Traumatic Brain Injury

What is a Traumatic Brain Injury?

A traumatic brain injury is a very unpredictable disorder. It can cause a wide array of physical and psychological effects for the person who is affected. Many of the symptoms and signs appear immediately after the injury occurs. However, many of the signs and symptoms do not appear until days or weeks after the injury occurs.

Symptoms will also vary depending on the severity of the brain injury. The symptoms of a traumatic brain injury will vary due to the portion of the brain that’s damaged. For example, a mild brain injury may heal in a matter of days whereas a severe brain injury may never heal.

What are the Symptoms of Traumatic Brain Injury?

Traumatic Brain Injury – Mild

  • Possible loss of consciousness, usually last between a few seconds to a few minutes.
  • There may not be loss of consciousness, but the patient may exhibit symptoms of of being dazed, confused, and possibly disoriented.
  • Headache or possible migraine may follow.
  • Possible nausea or vomiting.
  • Abnormal fatigue or drowsiness.
  • Difficulty sleeping or staying asleep.
  • Sleeping more or deeper than usual.
  • Dizziness, loss of balance or vertigo.
  • Possible blurred or double vision.
  • Possible change in ability to taste or smell.
  • Development of concentration or memory problems.

Traumatic Brain Injury – Moderate to Severe

A traumatic brain injury that falls into the category of moderate to severe can include all of the symptoms exhibited by someone with a mild injury. However, moderate to severe brain injuries are very difficult to treat and predict. There are many symptoms that can be exhibited by a patient with a head injury.

Symptoms include:

  • Complete loss of consciousness that can range from several minutes to hours after the initial injury.
  • Headache or migraine that will not go away.
  • Repeated, uncontrollable vomiting.
  • Seizures of any kind
  • Possible dilation of the pupils in one or both eyes
  • Clear fluids or blood draining from the ears or nose
  • Unable to wake up from sleeping.
  • Possible weakness or tingling in fingers, toes, or other extremities.
  • Loss of coordination.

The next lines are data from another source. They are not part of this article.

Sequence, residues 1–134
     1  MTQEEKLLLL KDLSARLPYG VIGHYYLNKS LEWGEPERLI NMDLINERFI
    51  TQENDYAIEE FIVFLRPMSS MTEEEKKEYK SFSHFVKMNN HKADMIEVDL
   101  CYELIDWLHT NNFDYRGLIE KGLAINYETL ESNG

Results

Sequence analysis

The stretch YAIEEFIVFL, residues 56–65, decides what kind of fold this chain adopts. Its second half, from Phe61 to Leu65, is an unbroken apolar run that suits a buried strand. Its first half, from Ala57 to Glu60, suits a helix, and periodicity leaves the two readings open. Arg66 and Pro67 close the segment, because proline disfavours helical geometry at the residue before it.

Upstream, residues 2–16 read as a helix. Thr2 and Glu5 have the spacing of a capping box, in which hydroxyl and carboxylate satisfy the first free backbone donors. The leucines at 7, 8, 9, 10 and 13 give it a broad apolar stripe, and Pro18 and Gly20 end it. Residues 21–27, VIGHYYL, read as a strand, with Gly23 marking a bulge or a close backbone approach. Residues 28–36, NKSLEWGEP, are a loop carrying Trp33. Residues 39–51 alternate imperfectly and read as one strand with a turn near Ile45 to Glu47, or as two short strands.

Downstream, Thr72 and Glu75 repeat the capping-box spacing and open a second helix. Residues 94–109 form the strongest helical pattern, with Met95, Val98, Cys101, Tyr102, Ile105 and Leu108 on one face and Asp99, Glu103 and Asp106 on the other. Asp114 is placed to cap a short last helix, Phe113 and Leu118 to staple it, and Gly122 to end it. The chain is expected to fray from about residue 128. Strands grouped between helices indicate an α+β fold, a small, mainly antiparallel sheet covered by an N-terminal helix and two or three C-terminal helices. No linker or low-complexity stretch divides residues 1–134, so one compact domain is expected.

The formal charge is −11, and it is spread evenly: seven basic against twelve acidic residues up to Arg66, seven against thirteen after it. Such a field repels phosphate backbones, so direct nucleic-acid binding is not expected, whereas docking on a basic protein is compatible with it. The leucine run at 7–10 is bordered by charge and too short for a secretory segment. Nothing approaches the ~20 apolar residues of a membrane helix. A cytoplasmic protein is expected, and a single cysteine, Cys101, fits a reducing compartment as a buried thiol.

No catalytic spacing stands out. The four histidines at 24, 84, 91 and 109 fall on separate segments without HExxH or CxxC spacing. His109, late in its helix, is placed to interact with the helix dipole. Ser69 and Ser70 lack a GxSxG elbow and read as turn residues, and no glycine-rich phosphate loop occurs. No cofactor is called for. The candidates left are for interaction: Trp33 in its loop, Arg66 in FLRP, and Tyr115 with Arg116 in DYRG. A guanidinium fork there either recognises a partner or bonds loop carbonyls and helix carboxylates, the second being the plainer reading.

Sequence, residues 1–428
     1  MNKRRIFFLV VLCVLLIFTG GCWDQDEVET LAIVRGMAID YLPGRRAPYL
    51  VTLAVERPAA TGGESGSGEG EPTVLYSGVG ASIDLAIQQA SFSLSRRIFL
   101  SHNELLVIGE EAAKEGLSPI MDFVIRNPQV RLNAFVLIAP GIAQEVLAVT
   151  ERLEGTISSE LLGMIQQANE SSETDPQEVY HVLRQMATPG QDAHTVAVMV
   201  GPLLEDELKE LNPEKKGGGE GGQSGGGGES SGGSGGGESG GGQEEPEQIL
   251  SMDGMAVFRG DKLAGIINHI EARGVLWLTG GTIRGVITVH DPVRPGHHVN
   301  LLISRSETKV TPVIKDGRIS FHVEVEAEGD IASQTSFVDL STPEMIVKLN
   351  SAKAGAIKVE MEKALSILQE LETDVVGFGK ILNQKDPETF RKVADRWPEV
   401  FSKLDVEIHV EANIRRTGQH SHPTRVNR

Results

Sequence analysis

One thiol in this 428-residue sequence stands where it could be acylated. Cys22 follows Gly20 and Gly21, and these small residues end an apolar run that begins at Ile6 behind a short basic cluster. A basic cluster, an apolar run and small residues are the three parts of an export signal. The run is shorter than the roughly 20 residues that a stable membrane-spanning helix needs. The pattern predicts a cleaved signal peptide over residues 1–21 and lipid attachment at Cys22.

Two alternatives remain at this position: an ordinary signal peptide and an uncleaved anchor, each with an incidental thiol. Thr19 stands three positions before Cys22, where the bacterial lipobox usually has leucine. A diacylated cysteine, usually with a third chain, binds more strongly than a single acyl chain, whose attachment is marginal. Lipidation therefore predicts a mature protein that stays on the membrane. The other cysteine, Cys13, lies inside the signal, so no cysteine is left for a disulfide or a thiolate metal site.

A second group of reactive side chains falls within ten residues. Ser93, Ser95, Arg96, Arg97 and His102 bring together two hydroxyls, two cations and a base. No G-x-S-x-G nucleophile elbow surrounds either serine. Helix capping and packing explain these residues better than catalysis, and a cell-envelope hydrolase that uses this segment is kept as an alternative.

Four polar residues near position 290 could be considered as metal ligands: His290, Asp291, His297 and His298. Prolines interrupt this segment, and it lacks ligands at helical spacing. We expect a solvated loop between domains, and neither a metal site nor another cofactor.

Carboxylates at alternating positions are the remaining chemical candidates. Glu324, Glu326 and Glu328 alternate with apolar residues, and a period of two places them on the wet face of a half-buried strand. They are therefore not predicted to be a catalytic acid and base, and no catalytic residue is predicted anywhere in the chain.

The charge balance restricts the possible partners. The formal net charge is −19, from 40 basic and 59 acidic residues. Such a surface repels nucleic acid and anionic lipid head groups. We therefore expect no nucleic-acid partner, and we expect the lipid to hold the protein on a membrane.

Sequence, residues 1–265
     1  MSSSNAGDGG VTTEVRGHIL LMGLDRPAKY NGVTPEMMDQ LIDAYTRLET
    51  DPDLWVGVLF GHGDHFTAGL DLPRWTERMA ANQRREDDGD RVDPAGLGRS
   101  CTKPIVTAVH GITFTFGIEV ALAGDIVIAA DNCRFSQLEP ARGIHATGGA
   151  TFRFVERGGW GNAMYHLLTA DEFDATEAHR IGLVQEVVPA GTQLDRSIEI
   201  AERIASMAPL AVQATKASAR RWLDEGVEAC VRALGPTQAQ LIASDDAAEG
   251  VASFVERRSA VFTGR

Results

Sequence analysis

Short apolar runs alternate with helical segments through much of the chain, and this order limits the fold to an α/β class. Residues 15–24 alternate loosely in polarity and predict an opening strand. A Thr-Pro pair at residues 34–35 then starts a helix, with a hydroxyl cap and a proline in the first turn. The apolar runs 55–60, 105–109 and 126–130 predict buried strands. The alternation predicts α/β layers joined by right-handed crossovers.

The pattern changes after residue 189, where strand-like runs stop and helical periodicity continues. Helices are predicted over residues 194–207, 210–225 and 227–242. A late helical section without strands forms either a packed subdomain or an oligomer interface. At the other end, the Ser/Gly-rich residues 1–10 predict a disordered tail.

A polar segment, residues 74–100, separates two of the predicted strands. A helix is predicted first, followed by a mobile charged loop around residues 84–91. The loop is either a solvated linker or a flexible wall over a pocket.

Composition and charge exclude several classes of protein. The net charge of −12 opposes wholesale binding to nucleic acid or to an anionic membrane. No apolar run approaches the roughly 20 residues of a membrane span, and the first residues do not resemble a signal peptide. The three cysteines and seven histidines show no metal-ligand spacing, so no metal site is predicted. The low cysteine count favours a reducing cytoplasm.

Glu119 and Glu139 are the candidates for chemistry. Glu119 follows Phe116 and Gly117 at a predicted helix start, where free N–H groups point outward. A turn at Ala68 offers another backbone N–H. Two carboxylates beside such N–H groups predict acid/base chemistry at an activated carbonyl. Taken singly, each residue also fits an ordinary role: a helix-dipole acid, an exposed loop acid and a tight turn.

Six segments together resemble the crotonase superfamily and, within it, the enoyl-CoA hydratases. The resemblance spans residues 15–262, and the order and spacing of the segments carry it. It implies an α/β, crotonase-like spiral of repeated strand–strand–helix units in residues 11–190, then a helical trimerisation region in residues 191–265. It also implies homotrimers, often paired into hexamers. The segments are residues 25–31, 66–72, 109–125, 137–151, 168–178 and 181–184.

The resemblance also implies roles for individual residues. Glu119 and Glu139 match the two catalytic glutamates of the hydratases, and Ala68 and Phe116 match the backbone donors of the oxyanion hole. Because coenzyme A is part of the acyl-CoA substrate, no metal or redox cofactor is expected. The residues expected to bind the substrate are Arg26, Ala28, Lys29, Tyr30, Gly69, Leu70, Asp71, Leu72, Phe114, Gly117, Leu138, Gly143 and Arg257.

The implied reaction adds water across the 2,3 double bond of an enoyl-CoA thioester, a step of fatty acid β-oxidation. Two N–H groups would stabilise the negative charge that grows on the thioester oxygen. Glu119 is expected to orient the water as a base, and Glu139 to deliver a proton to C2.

• Extreme, noticeable confusion.
  • Slurred speech.
  • Coma or long lasting disorder involving consciousness.

In children head injuries can be extremely difficult to diagnose since they are unable to report many of the symptoms verbally.

Traumatic Brain Injury Causes

Traumatic brain injury can be caused when objects impact on sensitive brain tissue. The following are some of the causes of traumatic brain injury:

Car accidents can produce an impact that can break the skull. In some cases, the impact may not actually result in a breakage of the skull but the brain may still collide with internal bones of the skull, leading to brain trauma.

Traumatic brain injury can be caused when one is shot and sustains an injury caused by blood flowing into the brain. The damage can also occur directly at the site of the bullet wound on the skull.

Concussions resulting from falls can cause traumatic brain injuries, in particular when one falls from tall buildings or trees. The impact causes sudden memory loss and sometimes internal bleeding can occur, leading to a collision between the brain and the bones of the skull which causes traumatic brain injury.

How is a Traumatic Brain Injury Treated?

Most mild traumatic brain injuries do not require treatment. Many times, a person just needs to be monitored by a physician for a short period of time and then by a relative at home for several hours. The doctor may give them time off of work to heal and follow-up appointments may be required.

For moderate to severe traumatic brain injuries, emergency care may be necessary to stabilize vital signs and ensure that all of the systems are working correctly. Medication may be necessary to reduce inflammation and careful monitoring may be necessary to ensure that there are no further complications.

For severe brain injuries, it may be necessary to surgically relieve pressure from the cranial cavity and the person may be required to have a lengthy hospital stay.

Traumatic Brain Injury Prevention

Traumatic brain injury is largely a result of impact, meaning that preventing it involves taking certain precautionary measures to avoid hazards. These include:

Keeping frequently used items in accessible places, which can prevent falling when searching for them. Additionally, it’s important to have proper lighting at home, in the workplace and in public areas, especially on pathways or in basements, which reduces the chances of any person falling. Giving good care to elderly members of the family is also vital; the caregiver can support them in taking steps without falling when they walk.

Some accidents from cars are preventable through proper training before driving, avoiding driving under the influence of alcohol and drugs, paying attention to other drivers’ behavior, and also ensuring the vehicle is fitted with all regulatory requirements that meet safety standards. Traffic rules should also be observed at all times to protect one from accidents that could lead to traumatic brain injuries.

While recreation is an enjoyable aspect of life, taking precautions like wearing protective gear and equipment in the form of helmets and hats, whether racing, playing sport or riding bicycles and horses, can limit accidents and associated risks of trauma to the brain. Obtaining urgent medical attention following an incident is also equally important to prevent you from traumatic brain injury.

Last Reviewed:
September 14, 2016
Last Updated:
September 10, 2017
Content Source: